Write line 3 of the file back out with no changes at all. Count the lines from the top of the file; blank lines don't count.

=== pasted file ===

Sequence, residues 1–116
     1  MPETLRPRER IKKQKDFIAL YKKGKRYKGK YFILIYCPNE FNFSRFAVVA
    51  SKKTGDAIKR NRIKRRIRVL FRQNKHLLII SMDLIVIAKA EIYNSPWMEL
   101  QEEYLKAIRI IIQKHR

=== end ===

    51  SKKTGDAIKR NRIKRRIRVL FRQNKHLLII SMDLIVIAKA EIYNSPWMEL